I posted a smaller version of a different shot from the same promo set in the past, but this one is worthy of its own post. Not only do we get to see the full extent of that fabulous fur, but it also suggests it’s possible to see it in the 1932 film Letty Lynton. Or not. It exists in some sort of legal limbo, and that’s why it’s not a staple of TCM’s many Joan Crawford fests. Well, neither is Mannequin or Ice Follies of 1939 anymore, but they have less of an excuse for those.
I call on lawyers around the world to free this film, because I really want to see Joan in that fur.
In more sad news, it appears Shanghai Lily is no longer on Flickr. I’ve always wondered about the likely tenuous position of these “aggregators,” especially since there’s obvious IP issues with a lot of what they’re posting. Reason it’s probably only a matter of time for many of them. Of course, I’m relying on them for content on this blog, so, by extension, I’m pretty dumb too.
Update 2021: Well, that prediction came true.
2 thoughts on “Joan Crawford in Fur You Can’t Watch”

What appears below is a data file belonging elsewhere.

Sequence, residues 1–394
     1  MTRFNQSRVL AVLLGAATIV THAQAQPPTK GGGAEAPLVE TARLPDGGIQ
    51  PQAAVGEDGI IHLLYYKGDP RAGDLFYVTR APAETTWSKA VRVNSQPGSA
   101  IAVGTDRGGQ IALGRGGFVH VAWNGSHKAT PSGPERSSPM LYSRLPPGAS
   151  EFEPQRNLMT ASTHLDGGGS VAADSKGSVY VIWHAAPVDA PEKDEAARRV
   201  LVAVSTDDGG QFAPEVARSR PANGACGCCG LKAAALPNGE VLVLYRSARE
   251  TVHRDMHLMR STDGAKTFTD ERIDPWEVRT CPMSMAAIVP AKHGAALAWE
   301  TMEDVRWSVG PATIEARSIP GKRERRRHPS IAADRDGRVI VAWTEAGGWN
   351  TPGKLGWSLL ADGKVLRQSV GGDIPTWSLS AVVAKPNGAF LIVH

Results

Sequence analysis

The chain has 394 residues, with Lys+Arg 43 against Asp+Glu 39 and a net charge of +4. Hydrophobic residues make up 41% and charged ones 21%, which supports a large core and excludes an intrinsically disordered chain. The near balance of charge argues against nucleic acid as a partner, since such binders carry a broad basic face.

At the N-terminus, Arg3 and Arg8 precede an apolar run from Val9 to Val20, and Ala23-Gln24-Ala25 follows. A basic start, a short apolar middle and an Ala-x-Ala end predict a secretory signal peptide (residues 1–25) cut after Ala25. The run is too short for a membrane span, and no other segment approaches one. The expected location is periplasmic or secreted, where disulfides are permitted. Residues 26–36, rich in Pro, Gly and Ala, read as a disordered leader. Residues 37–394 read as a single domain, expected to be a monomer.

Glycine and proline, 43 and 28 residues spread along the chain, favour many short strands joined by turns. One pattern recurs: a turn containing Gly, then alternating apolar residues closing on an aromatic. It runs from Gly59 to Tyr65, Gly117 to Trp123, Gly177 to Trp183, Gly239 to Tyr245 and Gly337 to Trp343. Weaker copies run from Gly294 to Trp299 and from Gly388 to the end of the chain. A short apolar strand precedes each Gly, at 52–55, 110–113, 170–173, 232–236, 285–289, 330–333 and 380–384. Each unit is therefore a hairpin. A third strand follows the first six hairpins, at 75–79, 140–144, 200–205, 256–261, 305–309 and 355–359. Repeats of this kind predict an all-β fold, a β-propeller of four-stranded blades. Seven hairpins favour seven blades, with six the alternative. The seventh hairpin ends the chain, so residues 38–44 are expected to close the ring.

There is a clip of Letty Lynton on the internet and I can only say that we people who appreciate such gorgeous furs can console ourselves with the fact that the film has not been restored; in as much as the quality makes it difficult to watch as a film, let alone appreciating the fur. I have found from past experience that photo-stills are often so frustrating as I had assumed that the film would be of the same quality. Saying that, I have saved most film clips to DVD and rejected only a small percentage but I am afraid that Letty Lynton would be one of them.
If it ever was restored, I would definitely purchase it
I suppose no one has much reason to tinker with it if it’ll only get them sued.
Granted, it’s not like there aren’t a rather large number of alternative viewing options from that particular decade, heh. Maybe Letty is only interesting because she’s “playing hard to get.”